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The Champion

December 2007 , Page 48 

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Informal Opinion

By Robert Perske

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Gisli Gudjonsson’s Penchant for Corroboration

Today, instructors in police academies never cease to hammer into the heads of recruit officers the proper steps needed for a successful criminal investigation.

  1. Get evidence.
  2. Get evidence.
  3. Get evidence.
  4. Get evidence.
  5. Try for a confession.
  6. Do everything possible to corroborate a confession.

Some investigators — but not all — fail to follow these steps with people who have intellectual disabilities. Some — but not all — misread the defendant’s differences and come to believe, really believe, that they “have the man.” Some — but not all — question suspects relentlessly for long hours until a confession is squeezed out of them. They do it even though no physical or witness evidence connects the person with a disability to the crime. Fortunately, in the last 10 years, false confessions have been exposed to the light of day as never before.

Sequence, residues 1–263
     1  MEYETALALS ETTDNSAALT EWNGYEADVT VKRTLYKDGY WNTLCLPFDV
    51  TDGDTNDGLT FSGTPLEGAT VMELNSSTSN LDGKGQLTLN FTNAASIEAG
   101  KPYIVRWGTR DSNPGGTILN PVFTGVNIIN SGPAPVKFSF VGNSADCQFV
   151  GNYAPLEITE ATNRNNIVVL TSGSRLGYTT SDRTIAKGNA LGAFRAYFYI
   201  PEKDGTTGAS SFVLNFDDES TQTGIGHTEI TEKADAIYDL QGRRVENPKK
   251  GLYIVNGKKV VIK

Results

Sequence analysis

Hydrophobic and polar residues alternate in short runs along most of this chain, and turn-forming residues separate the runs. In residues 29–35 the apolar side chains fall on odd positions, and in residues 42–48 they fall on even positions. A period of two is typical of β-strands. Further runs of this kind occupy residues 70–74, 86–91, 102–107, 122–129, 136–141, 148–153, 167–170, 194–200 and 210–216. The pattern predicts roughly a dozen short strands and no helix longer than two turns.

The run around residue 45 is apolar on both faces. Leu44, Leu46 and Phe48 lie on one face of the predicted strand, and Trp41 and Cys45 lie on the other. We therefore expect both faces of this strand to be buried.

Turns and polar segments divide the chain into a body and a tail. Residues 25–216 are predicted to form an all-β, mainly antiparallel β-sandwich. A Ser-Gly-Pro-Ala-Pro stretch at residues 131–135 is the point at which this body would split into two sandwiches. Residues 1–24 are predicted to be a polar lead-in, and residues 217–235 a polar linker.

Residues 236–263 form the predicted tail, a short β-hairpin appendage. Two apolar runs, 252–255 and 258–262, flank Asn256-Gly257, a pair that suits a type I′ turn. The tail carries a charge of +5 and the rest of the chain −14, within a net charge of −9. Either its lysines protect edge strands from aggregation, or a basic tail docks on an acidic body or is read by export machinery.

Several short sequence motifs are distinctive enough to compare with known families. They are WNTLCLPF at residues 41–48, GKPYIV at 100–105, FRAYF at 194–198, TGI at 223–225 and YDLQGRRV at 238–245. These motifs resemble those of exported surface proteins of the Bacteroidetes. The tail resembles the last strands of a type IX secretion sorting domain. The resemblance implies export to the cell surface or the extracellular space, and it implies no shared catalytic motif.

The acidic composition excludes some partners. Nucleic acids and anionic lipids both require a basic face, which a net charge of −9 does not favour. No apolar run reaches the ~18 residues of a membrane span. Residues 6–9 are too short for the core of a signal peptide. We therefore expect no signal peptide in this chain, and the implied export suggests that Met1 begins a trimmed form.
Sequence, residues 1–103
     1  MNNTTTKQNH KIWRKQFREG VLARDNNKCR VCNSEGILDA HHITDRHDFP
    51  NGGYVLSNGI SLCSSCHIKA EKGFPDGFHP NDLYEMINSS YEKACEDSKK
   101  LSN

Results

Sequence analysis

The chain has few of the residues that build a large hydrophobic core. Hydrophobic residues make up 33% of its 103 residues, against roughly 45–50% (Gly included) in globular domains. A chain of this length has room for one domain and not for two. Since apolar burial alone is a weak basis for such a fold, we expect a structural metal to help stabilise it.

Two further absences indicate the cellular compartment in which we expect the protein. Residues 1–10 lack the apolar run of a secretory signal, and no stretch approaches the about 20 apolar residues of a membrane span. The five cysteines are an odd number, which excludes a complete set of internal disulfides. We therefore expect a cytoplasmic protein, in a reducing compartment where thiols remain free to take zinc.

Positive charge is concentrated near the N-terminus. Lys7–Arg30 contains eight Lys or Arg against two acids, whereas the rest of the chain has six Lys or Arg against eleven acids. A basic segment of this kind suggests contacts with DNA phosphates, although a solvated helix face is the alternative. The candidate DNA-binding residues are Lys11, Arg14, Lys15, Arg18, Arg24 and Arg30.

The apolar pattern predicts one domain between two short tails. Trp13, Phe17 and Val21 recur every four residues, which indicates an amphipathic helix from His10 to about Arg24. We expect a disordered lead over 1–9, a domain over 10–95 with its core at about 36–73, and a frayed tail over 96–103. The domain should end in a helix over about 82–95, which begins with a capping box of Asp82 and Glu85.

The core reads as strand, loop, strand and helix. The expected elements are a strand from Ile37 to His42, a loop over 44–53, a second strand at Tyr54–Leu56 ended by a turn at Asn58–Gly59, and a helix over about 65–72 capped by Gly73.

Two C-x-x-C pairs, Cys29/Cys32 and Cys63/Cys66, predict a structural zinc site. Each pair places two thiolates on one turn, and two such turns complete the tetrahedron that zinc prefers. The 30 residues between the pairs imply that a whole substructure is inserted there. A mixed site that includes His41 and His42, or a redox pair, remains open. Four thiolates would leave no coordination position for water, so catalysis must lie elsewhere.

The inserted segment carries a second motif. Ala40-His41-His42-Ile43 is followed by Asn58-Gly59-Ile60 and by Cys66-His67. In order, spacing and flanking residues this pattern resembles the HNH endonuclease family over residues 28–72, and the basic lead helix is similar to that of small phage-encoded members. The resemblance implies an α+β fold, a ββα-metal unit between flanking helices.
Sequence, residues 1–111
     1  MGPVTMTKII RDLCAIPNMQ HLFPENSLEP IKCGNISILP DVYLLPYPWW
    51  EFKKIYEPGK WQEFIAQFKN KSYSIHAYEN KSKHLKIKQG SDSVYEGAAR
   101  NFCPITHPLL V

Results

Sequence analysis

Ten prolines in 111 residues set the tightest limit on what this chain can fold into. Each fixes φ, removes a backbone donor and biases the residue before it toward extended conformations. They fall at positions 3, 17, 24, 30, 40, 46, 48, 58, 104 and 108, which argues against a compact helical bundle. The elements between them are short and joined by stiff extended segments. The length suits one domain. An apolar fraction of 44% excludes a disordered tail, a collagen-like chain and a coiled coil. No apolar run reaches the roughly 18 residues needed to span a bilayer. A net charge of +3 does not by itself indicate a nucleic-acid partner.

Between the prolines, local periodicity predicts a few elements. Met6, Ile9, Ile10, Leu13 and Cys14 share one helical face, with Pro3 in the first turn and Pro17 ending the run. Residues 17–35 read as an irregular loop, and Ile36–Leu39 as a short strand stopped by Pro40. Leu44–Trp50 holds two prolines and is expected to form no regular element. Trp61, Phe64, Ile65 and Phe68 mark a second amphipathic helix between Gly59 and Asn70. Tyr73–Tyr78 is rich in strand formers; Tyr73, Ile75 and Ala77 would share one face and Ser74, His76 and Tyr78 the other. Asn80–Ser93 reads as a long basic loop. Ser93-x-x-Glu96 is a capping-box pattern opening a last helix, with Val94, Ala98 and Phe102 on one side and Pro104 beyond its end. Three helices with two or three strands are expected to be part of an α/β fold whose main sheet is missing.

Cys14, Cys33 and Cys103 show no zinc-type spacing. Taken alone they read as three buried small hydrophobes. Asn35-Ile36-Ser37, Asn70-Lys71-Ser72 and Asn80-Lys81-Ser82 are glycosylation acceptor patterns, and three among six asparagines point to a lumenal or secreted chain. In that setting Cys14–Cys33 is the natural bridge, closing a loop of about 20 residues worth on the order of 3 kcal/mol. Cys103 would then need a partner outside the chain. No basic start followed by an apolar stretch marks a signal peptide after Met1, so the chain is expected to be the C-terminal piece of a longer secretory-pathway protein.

America’s Heightening Awareness of Actual Innocence

Law professor Steven Drizin and crimin

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